Today Marists’ recognise that that we owe our existence as a Marist congregation to both the founder and the foundress, however¬†Jean-Claude Colin could not envisage the women’s branch as being as fully apostolic as the mens.

This meant radically adapted the rule and was contrary to what the foundress intended for her sisters and it gave rise to various points of divergence and led to the inevitable conflict of ideas which affected the development of the congregation for over a century.

It was not the spirituality of the hidden life, of a life of prayer, and of apostolic zeal which was lost but the apostolic spirituality of action which had motivated the foundress’s whole life. However, despite misunderstandings and sufferings, Jean-Marie Chavoin acknowledged Jean-Claude Colin as the founder of her congregation and on May 31, 1858, she reminded him:

“God has entrusted His work to you… to make (her spirit) known to all her children and to trace for them the path they must follow to be true Marists. (CMJ doc 91:2) After the death of the foundress the style of life did gradually change and become progressively more “monastic” but this trend does not seem to have been peculiar to the marist Sisters or to those successively responsible for the congregation, but it did create an ambiguous situation which was not clarified until 1960. Since then the history of our renewal has followed its course. – Sr Winifred Rose: “A Founder and a Foundress”, Forum Novum, I, 2, 1990.

Jean-Marie Chavoin arrived in Jarnosse in 1855 with three other sisters to make a new foundation. The population was 1344.

The priest who invited them was Fr Lefranc, the one who had come to Coutouvre as a seminarian, however he was not pastor of Jarnosse.

Jean-Marie built a convent in Jarnosse; it was built according to her plans and still remains to this day.

An account of the activities of the Marist Sisters at Jarnosse reads:

“When the house in Jarnosse was founded, the Marist sisters undertook with admirable devotion to teach the population of this village which was still very unlettered. Their solicitude was, above all, for the children, they took pains to develop their pupils’ moral and intellectual faculties by teaching them religion and elementary knowledge. Combining the functions of mothers and teachers, they lavished on these poor, under-privileged children the maternal care required in the areas of hygiene and cleanliness, they themselves making clothes for the poorest.”

“The Marist Sisters also visited people who were ill, consoled them on their sick beds, and encouraged them to make a good preparation for death.”

It was not long before the work flourished, 60 young girls of 16, 17, 18, and even 20 years of age were accepted as boarders. This was the beginning of a domestic science school, where however, elementary instruction, and above all, religious formation held a special place.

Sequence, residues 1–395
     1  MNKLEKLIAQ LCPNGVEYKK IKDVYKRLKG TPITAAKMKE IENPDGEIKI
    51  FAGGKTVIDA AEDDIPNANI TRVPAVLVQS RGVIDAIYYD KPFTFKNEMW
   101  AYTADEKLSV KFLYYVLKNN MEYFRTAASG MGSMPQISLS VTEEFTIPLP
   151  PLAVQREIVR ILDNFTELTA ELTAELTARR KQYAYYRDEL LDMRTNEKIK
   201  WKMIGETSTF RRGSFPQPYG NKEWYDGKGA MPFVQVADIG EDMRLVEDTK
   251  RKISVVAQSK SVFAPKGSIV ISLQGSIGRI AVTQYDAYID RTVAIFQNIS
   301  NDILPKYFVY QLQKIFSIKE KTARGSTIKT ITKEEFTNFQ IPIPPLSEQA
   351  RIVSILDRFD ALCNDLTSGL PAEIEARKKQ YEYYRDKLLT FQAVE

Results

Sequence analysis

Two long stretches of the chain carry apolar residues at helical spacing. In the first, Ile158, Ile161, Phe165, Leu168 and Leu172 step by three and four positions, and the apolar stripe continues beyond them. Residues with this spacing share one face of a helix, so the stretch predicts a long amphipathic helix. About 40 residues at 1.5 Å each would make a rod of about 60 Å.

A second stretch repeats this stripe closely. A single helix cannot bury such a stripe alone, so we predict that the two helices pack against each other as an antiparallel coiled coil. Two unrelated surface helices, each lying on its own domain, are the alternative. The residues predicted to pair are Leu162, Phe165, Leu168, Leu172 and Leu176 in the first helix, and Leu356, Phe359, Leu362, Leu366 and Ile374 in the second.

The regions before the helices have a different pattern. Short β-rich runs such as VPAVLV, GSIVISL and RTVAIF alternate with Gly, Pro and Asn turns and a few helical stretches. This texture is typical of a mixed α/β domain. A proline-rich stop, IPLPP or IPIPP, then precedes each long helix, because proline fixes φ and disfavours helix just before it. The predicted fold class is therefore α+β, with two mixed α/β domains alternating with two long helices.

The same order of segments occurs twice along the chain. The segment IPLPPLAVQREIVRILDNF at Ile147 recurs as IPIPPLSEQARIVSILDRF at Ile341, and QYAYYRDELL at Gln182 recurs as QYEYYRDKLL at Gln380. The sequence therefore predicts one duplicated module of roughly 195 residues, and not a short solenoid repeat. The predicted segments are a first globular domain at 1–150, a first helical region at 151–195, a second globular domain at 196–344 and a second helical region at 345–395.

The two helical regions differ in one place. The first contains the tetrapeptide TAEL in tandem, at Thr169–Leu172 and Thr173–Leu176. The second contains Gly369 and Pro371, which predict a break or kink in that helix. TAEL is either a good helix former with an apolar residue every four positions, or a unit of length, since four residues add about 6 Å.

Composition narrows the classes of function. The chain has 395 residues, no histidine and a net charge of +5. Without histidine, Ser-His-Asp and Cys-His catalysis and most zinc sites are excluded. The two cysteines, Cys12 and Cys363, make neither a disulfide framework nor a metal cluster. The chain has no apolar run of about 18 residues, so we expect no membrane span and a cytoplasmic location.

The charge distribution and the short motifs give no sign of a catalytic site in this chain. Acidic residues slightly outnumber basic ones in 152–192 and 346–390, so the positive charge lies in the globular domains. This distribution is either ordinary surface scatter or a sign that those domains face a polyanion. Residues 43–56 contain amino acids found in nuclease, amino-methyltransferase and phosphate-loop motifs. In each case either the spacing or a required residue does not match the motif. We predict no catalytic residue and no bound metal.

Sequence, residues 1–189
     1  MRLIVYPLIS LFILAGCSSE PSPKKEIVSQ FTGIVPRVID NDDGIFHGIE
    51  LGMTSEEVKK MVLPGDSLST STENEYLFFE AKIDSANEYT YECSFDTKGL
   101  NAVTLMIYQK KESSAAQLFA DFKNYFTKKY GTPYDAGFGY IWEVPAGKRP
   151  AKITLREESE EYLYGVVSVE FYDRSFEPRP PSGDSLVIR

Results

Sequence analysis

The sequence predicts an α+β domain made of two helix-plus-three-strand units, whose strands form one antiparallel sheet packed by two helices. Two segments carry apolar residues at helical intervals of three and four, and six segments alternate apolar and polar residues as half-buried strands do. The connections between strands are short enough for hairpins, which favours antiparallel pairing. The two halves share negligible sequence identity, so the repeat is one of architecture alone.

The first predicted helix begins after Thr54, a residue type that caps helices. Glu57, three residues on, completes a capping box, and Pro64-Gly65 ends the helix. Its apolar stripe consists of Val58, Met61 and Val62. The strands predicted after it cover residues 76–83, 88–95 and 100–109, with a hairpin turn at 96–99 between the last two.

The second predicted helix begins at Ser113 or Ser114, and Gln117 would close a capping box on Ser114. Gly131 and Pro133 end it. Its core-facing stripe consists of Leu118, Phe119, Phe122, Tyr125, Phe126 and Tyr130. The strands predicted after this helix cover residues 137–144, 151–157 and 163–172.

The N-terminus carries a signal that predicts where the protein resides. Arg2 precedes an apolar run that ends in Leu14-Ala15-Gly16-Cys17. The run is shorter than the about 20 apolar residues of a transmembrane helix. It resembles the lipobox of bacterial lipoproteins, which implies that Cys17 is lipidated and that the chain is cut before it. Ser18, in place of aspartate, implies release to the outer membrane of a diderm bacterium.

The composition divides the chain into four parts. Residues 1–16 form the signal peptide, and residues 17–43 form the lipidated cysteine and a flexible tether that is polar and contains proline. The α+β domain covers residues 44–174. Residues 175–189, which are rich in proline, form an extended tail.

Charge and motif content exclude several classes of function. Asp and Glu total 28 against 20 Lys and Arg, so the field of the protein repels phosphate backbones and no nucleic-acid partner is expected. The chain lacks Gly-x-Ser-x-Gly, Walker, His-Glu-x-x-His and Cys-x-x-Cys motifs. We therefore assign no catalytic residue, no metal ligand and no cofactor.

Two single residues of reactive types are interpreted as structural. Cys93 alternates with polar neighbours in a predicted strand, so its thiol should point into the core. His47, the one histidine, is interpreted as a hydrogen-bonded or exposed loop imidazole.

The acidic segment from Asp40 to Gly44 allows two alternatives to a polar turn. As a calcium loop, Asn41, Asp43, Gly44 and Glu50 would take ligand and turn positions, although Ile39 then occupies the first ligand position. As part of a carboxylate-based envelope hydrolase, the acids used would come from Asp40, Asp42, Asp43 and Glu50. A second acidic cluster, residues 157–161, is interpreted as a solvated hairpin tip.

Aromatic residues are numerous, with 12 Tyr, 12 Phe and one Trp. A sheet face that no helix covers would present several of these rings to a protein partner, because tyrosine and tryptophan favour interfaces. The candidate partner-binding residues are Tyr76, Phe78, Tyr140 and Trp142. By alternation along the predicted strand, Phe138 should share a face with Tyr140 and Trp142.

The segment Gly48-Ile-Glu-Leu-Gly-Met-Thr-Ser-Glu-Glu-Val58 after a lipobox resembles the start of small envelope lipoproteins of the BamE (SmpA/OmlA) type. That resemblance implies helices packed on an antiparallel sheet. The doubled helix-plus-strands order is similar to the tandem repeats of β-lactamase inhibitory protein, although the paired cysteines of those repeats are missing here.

The pupils were soon noted for their deep piety as they assisted at daily Mass and until they were turned out of the convent in 1902, the Marist Sisters had charge of the girl’s club, the parish choir, the care of the chuch and sacristy, the preparation of young girls and boys for First Communion.

Death of Jeanne-Marie Chavoin
“It was on the 29th June at six o’clock in the evening that I saw Mother Foundress alive for the last time.

“She had just received the last Sacraments.

“Jeanne Marie (Fouilland) felt her pulse, said she would not die just yet, but she judged by the patches of red that the circulation was slowing down and that the end was not far off. We found her fully conscious and she was asked to pray.

“I knelt down and the sisters came and knelt at the bedside. Soon after, the assistant, Sr Therese, sent me to fetch the priest for the prayers for the agonising. The curate came but as she was not actually dying he thought it too soon for the “recommendation of the soul”.

“While I was fetching the priest her room was arranged as a chapel were the sisters gathered in the evening and during the night. At one o’clock in the morning the assistant called the boarders… the assistant kept the hands raised and asked her to bless the Reverend Mother at Beley.

“The reply was pronounced distinctly: “May the spirit of Mary remain always with her.”

“Other words were uttered but not distinctly enough to be understood. The assistant pronounced the names of the local superiors, prayers were said an petitions formed according to the needs of each, and for each Mother Foundress asked the special graces that she thought she needed.

“The assistant mentioned all the sisters both old and young whose names she could recall. The Foundress blessed them either by name or in general. She blessed all the houses especially Jarnosse were she had know the greatest difficulties.

“After this blessing a sister read the “recommendation of the soul” and at two o’clock they continued to pray until the last moment at half past three.

“She had no visible agony, her breathing grew weaker and weaker and quietly ceased, the last breath was not different from the rest.

“She had wanted to be buried without fuss like the least of the sisters. The civil authorities wanted all the solemnity that it is possible to have in these parts. The bell was tolled every two hours and there was Mass with deacon and sub-deacon on 2nd July at 7 o’clock in the morning.” – Letter of Antoine Fouillard, 1858.

Mother St Joseph died a Jarnosse on 30th June 1858.